“Mijeski and Beck's book is a concise, tightly argued, briskly written, theoretically grounded and dispassionate, though far from dry, work of political science, with some harsh truths to tell (echoed by some of the indigenous leaders whom they have interviewed over time).”
“An excellent work…. Without a doubt, (Pachakutik) will become a reference for all those who are interested in analysing indigenous politics after the Decade of Indigenous Peoples.”
Bulletin of Latin American Research
“The argument (in Pachakutik and the Rise and Decline of the Ecuadorian Indigenous Movement) is coherent and convincing…. (T)he book presents a well-written, easy to follow and comprehensive overview for those interested in the development of the Ecuadorian indigenous movement.”
Political Studies Review
“A fascinating and well-researched account. This book is mandatory reading for students of indigenous politics.”
Carlos de la Torre, coeditor of The Ecuador Reader
The mobilization of militant indigenous politics is one of the most important stories in Latin American studies today. In this critical work, Kenneth J. Mijeski and Scott H. Beck examine the rise and decline of Ecuador’s leading indigenous party, Pachakutik, as it tried to transform the state into a participative democracy.
Using in-depth interviews with political activists, as well as a powerful statistical analysis of election results, the authors show that the political election game failed to advance the causes of Ecuador’s poor or the movement’s own indigenous supporters. Pachakutik and the Rise and Decline of the Ecuadorian Indigenous Movement is an extraordinarily valuable case study of Ecuador’s indigenous movement and the challenges it still faces.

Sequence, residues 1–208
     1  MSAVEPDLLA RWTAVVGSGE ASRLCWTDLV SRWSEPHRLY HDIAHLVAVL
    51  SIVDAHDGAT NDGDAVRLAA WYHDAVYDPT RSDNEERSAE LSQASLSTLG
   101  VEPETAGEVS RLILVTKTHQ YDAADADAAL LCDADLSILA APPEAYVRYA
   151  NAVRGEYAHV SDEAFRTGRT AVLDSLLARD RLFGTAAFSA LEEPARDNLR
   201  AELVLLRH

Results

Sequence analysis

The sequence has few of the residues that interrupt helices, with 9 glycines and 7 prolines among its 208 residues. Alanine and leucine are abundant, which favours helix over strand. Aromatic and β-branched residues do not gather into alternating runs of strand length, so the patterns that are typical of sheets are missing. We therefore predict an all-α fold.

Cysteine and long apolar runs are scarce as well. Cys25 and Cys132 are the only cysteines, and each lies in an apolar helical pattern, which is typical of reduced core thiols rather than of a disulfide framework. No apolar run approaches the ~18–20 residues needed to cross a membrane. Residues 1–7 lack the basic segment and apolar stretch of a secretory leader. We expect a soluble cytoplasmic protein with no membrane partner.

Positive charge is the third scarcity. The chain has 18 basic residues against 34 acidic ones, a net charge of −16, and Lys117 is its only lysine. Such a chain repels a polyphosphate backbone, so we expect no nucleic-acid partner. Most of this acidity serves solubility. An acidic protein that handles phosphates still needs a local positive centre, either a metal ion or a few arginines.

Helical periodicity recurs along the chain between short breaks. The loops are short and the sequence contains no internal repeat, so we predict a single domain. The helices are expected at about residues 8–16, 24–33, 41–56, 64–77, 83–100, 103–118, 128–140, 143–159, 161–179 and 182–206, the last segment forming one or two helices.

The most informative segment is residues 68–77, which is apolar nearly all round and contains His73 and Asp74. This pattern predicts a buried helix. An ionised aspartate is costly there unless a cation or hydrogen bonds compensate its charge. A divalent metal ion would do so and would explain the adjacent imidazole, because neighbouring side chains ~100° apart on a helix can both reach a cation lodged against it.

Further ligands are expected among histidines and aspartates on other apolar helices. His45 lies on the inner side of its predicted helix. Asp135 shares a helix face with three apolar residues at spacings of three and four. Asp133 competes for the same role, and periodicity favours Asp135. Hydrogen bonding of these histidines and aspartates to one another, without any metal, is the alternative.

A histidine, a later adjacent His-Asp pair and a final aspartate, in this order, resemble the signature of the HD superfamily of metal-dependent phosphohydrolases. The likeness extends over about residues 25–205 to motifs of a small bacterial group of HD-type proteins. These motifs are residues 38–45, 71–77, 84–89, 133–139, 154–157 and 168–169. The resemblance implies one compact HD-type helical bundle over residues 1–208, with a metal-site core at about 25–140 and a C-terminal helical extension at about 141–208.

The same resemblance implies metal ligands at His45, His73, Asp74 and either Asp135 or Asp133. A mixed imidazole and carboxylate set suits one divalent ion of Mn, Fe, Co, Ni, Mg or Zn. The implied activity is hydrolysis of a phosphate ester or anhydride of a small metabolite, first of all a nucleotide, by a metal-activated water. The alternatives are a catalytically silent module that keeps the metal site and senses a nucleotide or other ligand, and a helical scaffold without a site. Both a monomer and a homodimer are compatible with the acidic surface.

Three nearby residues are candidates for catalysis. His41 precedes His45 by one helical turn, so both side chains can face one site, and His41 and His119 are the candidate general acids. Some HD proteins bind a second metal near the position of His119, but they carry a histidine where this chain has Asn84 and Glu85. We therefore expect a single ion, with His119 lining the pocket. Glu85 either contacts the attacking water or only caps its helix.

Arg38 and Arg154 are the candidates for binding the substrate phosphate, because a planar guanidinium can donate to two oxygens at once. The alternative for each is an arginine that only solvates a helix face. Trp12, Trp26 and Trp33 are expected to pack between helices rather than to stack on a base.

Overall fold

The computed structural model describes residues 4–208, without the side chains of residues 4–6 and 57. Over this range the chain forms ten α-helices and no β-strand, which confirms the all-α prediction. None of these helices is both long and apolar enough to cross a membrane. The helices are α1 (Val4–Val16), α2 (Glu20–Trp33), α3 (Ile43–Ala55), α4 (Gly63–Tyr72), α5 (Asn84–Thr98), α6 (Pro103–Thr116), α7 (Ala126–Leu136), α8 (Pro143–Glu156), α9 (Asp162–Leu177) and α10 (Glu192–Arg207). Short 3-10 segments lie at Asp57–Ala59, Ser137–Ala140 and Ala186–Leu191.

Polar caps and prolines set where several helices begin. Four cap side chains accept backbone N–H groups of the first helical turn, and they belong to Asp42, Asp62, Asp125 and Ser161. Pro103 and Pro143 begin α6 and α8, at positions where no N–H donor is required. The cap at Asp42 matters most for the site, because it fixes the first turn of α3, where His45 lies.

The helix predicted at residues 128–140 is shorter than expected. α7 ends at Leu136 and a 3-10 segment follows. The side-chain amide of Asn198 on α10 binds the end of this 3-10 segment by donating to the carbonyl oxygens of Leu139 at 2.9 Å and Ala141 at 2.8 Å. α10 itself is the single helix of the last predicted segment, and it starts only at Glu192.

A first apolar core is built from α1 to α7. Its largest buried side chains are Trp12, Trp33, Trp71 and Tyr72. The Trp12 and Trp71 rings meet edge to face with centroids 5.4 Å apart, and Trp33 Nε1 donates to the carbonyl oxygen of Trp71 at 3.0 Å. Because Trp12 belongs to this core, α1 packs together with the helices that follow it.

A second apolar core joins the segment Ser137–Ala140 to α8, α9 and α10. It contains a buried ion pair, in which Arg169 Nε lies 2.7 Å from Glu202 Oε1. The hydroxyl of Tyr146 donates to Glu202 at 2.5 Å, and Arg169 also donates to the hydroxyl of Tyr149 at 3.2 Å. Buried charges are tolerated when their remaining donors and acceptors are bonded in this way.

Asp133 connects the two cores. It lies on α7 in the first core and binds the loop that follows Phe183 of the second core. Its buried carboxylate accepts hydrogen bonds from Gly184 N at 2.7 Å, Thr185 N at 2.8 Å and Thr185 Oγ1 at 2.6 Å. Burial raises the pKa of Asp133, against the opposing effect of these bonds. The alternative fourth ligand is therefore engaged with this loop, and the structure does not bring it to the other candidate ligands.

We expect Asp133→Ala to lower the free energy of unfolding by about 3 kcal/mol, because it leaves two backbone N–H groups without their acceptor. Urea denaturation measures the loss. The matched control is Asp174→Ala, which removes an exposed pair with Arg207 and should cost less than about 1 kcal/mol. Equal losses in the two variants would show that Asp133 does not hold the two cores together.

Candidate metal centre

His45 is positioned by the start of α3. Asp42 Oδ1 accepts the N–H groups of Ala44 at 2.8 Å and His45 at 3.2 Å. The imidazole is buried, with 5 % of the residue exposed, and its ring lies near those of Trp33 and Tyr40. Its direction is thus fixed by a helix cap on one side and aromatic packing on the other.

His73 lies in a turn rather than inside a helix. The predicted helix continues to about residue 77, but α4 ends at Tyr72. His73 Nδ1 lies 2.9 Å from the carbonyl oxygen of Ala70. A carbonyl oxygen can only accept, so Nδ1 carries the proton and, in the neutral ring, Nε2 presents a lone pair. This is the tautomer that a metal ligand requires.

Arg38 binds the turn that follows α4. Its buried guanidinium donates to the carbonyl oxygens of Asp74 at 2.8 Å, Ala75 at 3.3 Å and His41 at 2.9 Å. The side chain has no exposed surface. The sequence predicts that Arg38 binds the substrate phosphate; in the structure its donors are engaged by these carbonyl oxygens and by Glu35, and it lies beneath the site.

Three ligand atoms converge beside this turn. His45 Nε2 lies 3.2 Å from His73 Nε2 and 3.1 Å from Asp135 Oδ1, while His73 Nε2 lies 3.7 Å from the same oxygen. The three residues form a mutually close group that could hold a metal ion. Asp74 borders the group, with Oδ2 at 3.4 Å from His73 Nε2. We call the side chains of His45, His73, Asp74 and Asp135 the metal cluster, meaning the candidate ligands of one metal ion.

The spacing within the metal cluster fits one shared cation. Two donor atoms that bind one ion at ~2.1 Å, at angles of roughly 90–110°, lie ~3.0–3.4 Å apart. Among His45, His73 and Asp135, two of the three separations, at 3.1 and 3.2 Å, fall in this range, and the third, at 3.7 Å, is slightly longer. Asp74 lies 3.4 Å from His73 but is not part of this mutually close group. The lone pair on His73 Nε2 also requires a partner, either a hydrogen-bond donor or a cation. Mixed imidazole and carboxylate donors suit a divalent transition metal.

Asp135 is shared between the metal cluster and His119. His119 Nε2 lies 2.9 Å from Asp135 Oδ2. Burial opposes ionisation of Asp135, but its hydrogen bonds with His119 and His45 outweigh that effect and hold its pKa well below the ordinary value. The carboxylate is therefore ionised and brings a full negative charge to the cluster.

Kenneth J. Mijeski is professor emeritus of political science at East Tennessee State University. He has coauthored essays in various journals, including the Latin American Research Review, The Latin Americanist, Latin American and Caribbean Ethnic Studies, and Annals of the Southeastern Council of Latin American Studies (SECOLAS). More info →
Scott H. Beck is a professor of sociology at East Tennessee State University. He has coauthored essays in various journals, including the Latin American Research Review, The Latin Americanist, Latin American and Caribbean Ethnic Studies, and Annals of the Southeastern Council of Latin American Studies (SECOLAS). More info →
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Is Latin America experiencing a resurgence of leftwing governments, or are we seeing a rebirth of national-radical populism? Are the governments of Hugo Chávez, Evo Morales, and Rafael Correa becoming institutionalized as these leaders claim novel models of participatory and direct democracy? Or are they reenacting older traditions that have favored plebiscitary acclamation and clientelist distribution of resources to loyal followers?
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History · Violence in Society · Criminology · 21st century · 20th century · Americas · South America · Brazil · International Studies · Latin American History · Global Issues · World and Comparative History · Latin American Studies
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